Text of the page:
Last week we gave a summarizing overview of what is currently known about memory. This week we take a look at attention. Attention is generally defined as our ability to selectively focus on one thing, idea, or task while filtering out other distractions. Another way to describe attention is selective concentration. Attention is the function of our brain that properly allocates our processing resources. There are many ways to describe different types of attention, today we will look at five of them:
Focused attention: Focused attention is commonly thought of as attentiveness. It is our ability to focus on one thing while excluding other things in our environment, real world examples of this are when we are studying or driving.
Sustained attention: Our ability to maintain a steady response during nonstop and repetitive activity is referred to as sustained attention. It is also defined as the ability to concentrate on one task for a continuous amount of time without being distracted, for instance staying attentive during a long meeting.
Selective attention: When you are able to “select” what you pay attention to, you are using your selective attention. This refers to the conscious act of focusing your attention, in other words, your ability to avoid distractions from both external (e.g. noise) and internal (e.g. thoughts) stimuli. A good example of selective attention is being able to focus on a friend’s voice in a loud and crowded room.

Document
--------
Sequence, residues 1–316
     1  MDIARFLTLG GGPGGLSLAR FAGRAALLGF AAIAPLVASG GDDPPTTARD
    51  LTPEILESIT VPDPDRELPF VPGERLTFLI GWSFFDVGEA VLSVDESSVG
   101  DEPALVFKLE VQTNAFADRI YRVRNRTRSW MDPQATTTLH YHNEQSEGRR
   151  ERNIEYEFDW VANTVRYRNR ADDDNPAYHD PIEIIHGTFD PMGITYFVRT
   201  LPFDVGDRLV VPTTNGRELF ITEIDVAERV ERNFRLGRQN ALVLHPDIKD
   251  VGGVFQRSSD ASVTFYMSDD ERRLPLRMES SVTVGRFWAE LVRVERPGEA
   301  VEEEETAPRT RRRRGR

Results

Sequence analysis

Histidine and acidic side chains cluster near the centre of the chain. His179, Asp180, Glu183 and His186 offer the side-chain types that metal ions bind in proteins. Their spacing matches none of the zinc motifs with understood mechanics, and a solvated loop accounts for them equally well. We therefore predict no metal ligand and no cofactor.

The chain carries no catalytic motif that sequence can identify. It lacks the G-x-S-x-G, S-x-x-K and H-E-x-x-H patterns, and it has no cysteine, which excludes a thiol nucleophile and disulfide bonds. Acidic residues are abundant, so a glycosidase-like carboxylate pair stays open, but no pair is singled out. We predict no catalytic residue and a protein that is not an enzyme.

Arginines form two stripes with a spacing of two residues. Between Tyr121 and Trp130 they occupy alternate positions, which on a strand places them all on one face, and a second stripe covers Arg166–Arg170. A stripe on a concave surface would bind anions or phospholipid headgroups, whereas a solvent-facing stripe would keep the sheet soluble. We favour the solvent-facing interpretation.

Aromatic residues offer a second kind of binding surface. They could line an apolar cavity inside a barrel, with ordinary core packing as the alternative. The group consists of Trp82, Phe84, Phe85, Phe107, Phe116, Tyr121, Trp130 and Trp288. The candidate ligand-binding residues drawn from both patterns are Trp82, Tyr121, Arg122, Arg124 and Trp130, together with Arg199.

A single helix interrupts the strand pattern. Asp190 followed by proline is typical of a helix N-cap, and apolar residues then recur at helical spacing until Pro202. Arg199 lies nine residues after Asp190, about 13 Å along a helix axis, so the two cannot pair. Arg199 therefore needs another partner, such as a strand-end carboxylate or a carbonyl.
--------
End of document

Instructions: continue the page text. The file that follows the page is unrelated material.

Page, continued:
Alternating attention: When you shift your focus of attention and move between different tasks having different levels of required comprehension you are practicing alternating attention. An example of alternating attention is reading a recipe (learning) and then executing the recipe (doing).
Divided attention: Most of us are familiar with divided attention, also known as multitasking, which is our ability to respond simultaneously to multiple tasks. When we are able to process two or more responses or react to two or more different demands simultaneously, we call upon our divided attention skills. There are an abundance of real world examples to highlight divided attention: checking email while listening in on a meeting, talking with house guests while preparing a meal, and the list goes on.
Like any of our cognitive skills, our attention improves with practice. Improving our attention helps us process more information efficiently. If memory controls the bucket where our thoughts get stored, then attention is the hose that fills the bucket. Brain training helps strengthen our ability to concentrate and focus through brain fitness exercises. You can sample brain fitness games that help improve your attention risk free for 7 days by clicking on this link. You can also increase your attention by taking cognitive supplements such as caffeine/theanine capsules.